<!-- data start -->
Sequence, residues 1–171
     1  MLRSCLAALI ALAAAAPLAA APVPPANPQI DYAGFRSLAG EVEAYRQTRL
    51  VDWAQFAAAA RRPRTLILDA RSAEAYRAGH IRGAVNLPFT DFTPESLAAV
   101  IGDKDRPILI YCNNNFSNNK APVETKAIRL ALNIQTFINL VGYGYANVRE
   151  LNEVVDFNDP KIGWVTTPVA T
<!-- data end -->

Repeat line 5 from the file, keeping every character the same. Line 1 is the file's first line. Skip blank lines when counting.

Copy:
   151  LNEVVDFNDP KIGWVTTPVA T